AA Battery Drumcross
A World War II anti-aircraft battery was located approximately one mile west of Bishopton, the site of a major munitions factory, ROF Bishopton. Site number GSG7 (early), S7 (later). Part of the Clyde AA Defences, the battery was known as Drumcross, or Shilton.
The battery was equipped with four emplacements, a command post, workshop and store, three magazines, a GL Radar mat to the west, and an accommodation camp to east, near the largest magazine. The battery is reported to have been armed with 4.5-inch guns, and the camp can be seen to have comprised some of some 40 huts and buildings in an RAF aerial photograph taken during construction in 1941.
Site visit 2007
A site visit carried out during 2007 found the four emplacements, command post, workshop and store, and the three magazines to remain largely intact within a heavily overgrown area strewn with rubbish. Attempts had been made to set fires within the buildings, but these had little effect on the concrete structures. A concrete support pillar remains intact within the instrument pit, and would have mounted an optical range or height finder. A steel support pillar remains mounted on the floor of the workshop, however its purpose is unknown.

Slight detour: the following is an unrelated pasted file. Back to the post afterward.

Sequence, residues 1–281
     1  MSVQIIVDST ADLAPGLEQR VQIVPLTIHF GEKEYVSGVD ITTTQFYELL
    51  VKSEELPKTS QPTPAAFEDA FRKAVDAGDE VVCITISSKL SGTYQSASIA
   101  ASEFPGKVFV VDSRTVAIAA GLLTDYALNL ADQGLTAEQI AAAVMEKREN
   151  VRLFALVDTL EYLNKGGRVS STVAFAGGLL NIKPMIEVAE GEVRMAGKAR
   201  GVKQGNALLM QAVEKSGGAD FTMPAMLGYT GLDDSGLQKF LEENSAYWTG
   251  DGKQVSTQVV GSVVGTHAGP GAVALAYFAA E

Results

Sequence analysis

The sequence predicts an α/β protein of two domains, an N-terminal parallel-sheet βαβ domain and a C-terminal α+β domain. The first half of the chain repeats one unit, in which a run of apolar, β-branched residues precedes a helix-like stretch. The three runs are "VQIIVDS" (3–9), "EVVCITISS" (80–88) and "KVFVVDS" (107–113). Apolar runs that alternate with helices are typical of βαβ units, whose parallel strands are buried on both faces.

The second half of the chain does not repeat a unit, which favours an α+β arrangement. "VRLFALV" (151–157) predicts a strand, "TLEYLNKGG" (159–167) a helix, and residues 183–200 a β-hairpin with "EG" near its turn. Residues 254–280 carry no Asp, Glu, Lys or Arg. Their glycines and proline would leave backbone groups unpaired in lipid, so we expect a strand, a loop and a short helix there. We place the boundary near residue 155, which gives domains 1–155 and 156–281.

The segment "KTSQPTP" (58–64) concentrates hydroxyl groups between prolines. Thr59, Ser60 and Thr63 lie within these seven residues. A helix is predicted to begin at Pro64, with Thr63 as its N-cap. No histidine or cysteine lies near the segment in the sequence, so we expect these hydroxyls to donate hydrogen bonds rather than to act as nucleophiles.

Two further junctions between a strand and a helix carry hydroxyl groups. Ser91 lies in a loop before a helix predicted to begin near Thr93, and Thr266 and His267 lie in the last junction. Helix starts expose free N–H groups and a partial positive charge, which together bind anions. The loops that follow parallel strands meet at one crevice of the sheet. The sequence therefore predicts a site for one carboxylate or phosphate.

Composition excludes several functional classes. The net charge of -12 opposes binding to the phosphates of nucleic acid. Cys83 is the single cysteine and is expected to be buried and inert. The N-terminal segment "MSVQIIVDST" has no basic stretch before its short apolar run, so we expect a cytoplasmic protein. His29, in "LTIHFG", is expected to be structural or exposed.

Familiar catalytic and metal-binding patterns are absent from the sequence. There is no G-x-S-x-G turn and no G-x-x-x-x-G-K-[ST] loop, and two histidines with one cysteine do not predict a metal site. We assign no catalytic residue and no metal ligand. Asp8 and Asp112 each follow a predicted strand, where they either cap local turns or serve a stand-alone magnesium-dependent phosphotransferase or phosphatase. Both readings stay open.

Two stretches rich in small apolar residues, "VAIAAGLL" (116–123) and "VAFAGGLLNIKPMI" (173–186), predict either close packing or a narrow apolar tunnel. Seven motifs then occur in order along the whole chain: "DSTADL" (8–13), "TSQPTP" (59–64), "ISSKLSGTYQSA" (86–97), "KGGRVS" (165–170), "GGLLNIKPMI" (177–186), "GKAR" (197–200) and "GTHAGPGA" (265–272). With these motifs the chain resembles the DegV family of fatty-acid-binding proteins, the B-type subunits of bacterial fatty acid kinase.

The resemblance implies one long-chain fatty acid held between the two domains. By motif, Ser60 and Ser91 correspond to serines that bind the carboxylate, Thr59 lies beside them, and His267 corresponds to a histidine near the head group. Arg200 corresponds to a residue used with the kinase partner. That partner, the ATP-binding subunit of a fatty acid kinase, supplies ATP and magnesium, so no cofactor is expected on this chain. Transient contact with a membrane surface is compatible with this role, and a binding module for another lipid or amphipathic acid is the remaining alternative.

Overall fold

No evidence was found of the associated accommodation camp, or the GL Radar mat.
Site visits 2010
A site visit was carried out during early 2010, after reports that the site had been subject to extensive works which had resulted in the loss of a number of the wartime building which had survived there, to the effect that that they were gone and largely covered by hardcore.
The site has been taken over by Killochries Highland Cattle, and although they have a section for conservation on their web site, this relates only to wildlife, not historic artefacts.
A further visit was carried out later in 2010 to find that two new large barn type buildings had been erected at the the eastern end of the site. Of the original buildings, the long magazine, one small magazine, the workshop and store, and two emplacements had been lost from the site. Still surviving on the the site at the time of the visit were two emplacements, the command post, and one small magazine.
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